What is it?

Looking through my journals and email, I found out that I was wishing for a lot of good things to happen. I claimed to be “hoping,” but I did not/could not be confident the desired outcome would happen. That is not what hope is about. Hope is more than wishing. [Want to know more? Click here.]

Thursday, January 26, 2012


Do you know . . .

The effects of insomnia on mood? It has been studied many times and results can be found in scholarly journals, medical journals, psychology journals, psychiatry journals, social work journals. And there are many anecdotal accounts by sufferers themselves. The effects of not enough sleep are exacerbate in individuals that already have mood disorders such as dysthymia (chronic mild depression), moderate depression, clinical depression, or bipolar disorder.

The cause of the emotional and mood disruptions is kind of like the chicken and the egg. Which came first? The lack of sleep? Or the onset on mania? The research, and common thinking among those who treat sufferers, does not try to answer those questions. The focus is on treating the insomnia allowing for more accurate assessment and treatment of the status of the mood issues.

So why am I talking about this? First I have a “mood disorder.” It has a name. Bipolar disorder. I have suffered from mood swings, periods of insomnia, and hypersomnia (sleeping abnormally long) since I was a child. There were times when I was so full of energy that I would stay up all night writing or drawing (and occasionally doing homework). There were other times when I couldn’t bear to face the day because I was sure nothing good, and probably lots bad, would happen.

Lately, I have not been sleeping well. A couple hours a night are not even close to enough to maintain a healthy mood balance. I recognize that. Even though I do not want to admit it, I can tell there are increasing signs of mania, the energetic part of my bipolar. The problem is that energy, combined with the lack of sleep, has in the past led to losing touch with reality (psychotic). So I am again struggling with my mental illness. I know it is cyclical in nature, but I still get tired of dealing with it.

Thursday, January 19, 2012

The Big Q Question

Thirty-three years ago, as a new Christian, there was the comfort of connectedness. The connectedness came from being “born and raised” in a hot-house of Christianity. The people – fellowship – kept the vision alive. There was a sense of purpose and the opportunity to grow with limited interruptions, like going to class and doing homework. The basics, the nuts and bolts, of Biblical Christianity, were taught with the expectation they would be passed along to other new believers. Names were given to each practical skill: Prayer, Fellowship, Quiet Time, Witness (later as a more “mature” Christian this became “Evangelism”), Praise, Worship, Bible Study, Memorizing Scripture, Disciple, Disciple-making, and Making Disciple-makers.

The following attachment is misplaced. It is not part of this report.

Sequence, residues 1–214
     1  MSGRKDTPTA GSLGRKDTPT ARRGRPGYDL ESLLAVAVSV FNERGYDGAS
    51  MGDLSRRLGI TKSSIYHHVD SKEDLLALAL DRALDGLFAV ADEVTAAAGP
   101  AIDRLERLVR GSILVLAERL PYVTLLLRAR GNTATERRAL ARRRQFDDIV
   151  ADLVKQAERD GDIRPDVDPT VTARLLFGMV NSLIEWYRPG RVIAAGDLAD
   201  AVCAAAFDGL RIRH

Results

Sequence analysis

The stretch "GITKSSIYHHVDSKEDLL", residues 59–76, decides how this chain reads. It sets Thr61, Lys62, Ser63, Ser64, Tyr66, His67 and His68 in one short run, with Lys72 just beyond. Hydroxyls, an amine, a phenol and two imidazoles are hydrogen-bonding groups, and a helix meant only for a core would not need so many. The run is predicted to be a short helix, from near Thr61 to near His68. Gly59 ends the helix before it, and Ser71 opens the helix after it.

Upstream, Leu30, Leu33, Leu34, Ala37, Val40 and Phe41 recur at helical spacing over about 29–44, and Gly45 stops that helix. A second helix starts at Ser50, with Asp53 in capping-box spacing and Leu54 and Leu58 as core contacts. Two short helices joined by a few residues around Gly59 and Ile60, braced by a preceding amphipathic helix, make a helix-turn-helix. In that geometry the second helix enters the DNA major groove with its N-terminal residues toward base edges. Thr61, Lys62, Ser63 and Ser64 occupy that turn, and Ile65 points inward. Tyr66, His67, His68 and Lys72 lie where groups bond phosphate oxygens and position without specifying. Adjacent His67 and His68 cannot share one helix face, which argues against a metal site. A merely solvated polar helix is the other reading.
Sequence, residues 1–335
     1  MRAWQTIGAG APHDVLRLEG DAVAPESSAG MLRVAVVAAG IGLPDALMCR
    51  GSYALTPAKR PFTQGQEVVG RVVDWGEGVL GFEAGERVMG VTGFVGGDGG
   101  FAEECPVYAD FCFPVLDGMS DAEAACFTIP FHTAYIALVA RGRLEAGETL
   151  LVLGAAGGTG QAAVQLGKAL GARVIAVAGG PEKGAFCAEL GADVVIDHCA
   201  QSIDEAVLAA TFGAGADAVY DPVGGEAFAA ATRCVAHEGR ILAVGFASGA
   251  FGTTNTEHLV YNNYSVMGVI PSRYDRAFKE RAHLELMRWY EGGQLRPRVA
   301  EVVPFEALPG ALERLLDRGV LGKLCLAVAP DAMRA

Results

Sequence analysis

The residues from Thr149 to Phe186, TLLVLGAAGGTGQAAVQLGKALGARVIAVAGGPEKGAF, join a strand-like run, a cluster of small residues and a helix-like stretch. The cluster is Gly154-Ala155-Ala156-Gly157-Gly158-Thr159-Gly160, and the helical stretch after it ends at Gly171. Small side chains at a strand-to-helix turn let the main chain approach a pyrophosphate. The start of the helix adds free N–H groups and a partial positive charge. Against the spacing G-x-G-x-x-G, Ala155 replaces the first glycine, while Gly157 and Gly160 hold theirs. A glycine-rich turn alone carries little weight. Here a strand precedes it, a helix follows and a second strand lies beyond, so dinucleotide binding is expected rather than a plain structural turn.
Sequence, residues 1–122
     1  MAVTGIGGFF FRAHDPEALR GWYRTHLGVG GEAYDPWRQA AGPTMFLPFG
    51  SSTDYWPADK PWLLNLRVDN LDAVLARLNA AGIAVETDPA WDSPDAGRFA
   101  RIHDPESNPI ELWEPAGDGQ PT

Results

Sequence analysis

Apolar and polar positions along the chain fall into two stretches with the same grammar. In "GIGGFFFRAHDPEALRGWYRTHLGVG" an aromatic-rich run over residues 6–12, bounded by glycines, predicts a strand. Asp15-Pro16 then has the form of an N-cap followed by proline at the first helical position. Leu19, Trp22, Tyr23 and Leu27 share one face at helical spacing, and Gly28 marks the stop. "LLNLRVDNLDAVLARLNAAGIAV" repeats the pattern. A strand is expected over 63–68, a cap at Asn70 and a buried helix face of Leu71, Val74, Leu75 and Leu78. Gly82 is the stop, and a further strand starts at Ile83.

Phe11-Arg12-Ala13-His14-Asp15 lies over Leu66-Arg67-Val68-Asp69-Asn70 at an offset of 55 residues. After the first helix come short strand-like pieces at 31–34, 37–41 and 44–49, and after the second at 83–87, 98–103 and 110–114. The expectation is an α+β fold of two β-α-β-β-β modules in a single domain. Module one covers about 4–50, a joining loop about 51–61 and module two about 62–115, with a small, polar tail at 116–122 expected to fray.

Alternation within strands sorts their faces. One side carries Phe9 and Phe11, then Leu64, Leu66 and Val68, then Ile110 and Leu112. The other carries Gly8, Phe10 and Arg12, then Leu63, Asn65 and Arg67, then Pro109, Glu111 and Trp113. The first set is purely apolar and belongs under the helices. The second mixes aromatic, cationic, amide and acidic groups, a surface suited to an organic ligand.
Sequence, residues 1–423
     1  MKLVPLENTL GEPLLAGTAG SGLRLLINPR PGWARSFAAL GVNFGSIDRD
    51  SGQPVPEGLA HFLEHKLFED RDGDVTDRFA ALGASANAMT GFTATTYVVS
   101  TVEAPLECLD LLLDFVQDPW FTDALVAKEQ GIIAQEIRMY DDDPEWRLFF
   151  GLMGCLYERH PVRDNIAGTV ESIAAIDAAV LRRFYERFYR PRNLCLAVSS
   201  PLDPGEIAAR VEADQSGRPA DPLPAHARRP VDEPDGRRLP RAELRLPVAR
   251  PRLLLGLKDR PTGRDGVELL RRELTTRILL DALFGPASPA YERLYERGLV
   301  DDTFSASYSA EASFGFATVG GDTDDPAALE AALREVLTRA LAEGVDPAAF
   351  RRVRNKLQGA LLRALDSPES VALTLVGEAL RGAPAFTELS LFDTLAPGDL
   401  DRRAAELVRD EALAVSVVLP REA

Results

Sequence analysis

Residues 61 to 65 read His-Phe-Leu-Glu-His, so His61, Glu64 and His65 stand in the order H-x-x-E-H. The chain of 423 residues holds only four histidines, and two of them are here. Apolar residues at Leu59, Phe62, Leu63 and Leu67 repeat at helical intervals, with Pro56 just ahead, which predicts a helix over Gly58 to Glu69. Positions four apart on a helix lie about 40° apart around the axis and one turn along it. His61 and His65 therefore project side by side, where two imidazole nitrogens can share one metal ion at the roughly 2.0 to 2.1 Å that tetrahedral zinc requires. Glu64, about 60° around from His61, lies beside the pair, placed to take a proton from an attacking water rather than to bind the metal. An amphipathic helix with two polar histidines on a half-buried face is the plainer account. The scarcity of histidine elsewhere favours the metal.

When encountering one another, the questions were the greeting. It seemed “Hi” and “Good morning” were not enough. A favorite: What’s your latest [memorized] verse? Also: What did you read in your Quiet Time this morning? (Notice the assumption that a Quiet Time was actually had.) And another goody: What are you applying in your life from God’s Word? These questions held each of us accountable to practice God’s Word, a lifestyle that enabled an overflowing, godly example to those encountered every day, Christians and non-Christians alike.

Recently, Andy Whitman (see http://andywhitman.blogspot.com) wrote an article for Image Journal’s web page about a reunion of those people who were a part of his “hot-house.” All of the idealistic, commune-like living, real New Testament individuals and families get together once a year. The article focuses on this year’s the 35th, reunion and Andy’s observations of the previously self-proclaimed “Born Again Jesus Freaks.” He wondered what happened to them and wanted to ask the question, “How is your soul?” of each of the fine, upstanding, middle-class, mega-church-attending group. But he didn’t. Why? Andy wrote:

“This is the question I want to ask [the man who was my best man], but I don’t ask it. I don’t ask it of anyone. It’s the question that united us in the first place, the big Q Question that drew a bunch of idealistic misfits who couldn’t countenance the thought of stained glass windows and polished pews and Country Club Christianity into an alliance that lasted the better part of a decade.”